- The Washington Times - Wednesday, February 26, 2020

Defense Secretary Mark T. Esper on Wednesday insisted his department is not planning to withdraw all U.S. troops from Africa after reports of a force drawdown sparked an intense backlash among lawmakers in both parties on Capitol Hill.

During a hearing before the House Armed Services Committee to defend the Pentagon’s budget request, Mr. Esper called the prospect of withdrawing all forces from the continent “misreported.”

“There are no plans to completely withdraw all forces from Africa,” he said.

His appearance comes amid a wide-ranging review of the Defense Department’s combatant commands that department officials have said could lead to a reprioritization of troops.

“In some cases, we will increase; in some cases, we won’t change; and in some cases, we will decrease,” Mr. Esper said during a press briefing last month.

But the secretary walked back his prior comments and told the committee Wednesday that he is “looking to make sure I can resource the missions that are actually required, and to right-size the force consistent with that and the need to build readiness across the force so I can deal with China and then Russia.”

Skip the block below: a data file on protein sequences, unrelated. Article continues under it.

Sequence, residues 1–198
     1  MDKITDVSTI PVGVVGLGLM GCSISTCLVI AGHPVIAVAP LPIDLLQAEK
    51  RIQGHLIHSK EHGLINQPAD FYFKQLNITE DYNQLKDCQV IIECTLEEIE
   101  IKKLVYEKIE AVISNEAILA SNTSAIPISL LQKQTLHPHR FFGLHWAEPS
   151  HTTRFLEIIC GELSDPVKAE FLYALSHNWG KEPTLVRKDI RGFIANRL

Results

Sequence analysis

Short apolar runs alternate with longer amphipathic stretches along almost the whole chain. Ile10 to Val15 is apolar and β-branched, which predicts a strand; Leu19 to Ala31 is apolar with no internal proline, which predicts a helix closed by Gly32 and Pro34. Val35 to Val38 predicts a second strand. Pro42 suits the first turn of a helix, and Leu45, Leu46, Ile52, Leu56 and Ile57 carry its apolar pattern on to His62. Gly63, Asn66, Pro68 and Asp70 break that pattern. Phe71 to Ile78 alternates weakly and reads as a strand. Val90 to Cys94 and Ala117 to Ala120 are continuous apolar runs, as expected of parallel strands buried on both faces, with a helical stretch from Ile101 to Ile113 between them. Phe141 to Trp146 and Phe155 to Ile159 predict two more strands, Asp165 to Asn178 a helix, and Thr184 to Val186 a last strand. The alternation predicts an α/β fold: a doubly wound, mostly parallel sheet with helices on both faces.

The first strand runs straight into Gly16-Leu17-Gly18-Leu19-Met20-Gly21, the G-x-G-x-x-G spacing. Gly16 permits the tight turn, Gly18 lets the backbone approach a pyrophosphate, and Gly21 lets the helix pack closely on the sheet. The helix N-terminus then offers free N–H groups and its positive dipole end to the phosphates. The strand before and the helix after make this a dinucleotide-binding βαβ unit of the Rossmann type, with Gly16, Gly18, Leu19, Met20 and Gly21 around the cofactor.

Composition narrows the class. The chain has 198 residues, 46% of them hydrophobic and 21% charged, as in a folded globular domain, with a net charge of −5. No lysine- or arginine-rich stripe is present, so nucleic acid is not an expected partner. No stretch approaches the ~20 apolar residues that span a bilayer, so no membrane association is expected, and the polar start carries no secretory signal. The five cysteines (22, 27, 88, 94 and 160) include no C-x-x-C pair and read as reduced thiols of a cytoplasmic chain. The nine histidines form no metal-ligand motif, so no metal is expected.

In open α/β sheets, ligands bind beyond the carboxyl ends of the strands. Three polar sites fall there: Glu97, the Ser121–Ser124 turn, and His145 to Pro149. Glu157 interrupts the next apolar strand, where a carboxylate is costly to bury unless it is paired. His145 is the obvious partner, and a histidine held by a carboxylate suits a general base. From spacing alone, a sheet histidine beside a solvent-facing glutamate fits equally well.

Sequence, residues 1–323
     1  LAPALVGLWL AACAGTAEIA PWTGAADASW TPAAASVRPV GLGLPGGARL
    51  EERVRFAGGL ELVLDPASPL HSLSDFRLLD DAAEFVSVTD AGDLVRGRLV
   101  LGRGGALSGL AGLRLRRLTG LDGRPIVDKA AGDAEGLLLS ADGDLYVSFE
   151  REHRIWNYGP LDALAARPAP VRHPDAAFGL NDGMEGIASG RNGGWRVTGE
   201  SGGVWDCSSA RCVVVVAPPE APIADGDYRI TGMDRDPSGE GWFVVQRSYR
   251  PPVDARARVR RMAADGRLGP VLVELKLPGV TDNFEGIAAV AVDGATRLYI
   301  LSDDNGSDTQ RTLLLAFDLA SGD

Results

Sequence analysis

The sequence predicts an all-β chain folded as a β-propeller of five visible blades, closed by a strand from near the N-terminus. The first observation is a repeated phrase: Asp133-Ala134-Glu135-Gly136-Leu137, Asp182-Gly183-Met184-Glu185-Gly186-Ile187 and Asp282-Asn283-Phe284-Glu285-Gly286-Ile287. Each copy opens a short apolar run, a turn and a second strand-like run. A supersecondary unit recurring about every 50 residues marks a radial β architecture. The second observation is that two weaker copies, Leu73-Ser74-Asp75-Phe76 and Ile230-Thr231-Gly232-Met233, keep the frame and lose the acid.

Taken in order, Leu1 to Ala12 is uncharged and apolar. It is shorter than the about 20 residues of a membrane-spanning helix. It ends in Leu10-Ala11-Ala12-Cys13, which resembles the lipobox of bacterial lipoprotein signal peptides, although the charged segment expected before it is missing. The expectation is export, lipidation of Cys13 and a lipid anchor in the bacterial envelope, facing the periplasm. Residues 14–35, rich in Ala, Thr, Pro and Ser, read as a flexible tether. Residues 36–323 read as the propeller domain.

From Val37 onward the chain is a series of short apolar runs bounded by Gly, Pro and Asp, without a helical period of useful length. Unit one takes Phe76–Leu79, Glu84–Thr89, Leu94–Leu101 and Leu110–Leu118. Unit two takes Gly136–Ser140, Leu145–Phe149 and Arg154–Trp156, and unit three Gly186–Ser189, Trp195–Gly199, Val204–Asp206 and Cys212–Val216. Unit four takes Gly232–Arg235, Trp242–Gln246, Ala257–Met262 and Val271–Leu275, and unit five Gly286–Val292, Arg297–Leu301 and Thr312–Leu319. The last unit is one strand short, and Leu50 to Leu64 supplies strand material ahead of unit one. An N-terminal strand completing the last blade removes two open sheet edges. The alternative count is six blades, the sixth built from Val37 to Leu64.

The Pentagon has been mulling plans to cut troop levels in Africa since 2018 with plans to drop from roughly 6,000 to about 5,400.

Lawmakers and private analysts alike have cautioned that the result of a U.S. pullback could be extremist control of areas far larger than the land the Islamic State held at the peak of its power in Iraq and Syria, and have pressured the secretary to maintain a significant force presence in the region.

Just two days prior to the hearing, Mr. Esper assured Senate Armed Services Committee James Inhofe in a private conversation that he has no intention of decreasing the U.S. troop presence on the continent.

Mr. Inhofe, Oklahoma Republican, told reporters that “[Mr. Esper] said, if anything, we could be increasing the troops in the western part of Africa. … He said I want to make sure that we make very clear we have no plans to decrease our presence specifically in West Africa.”

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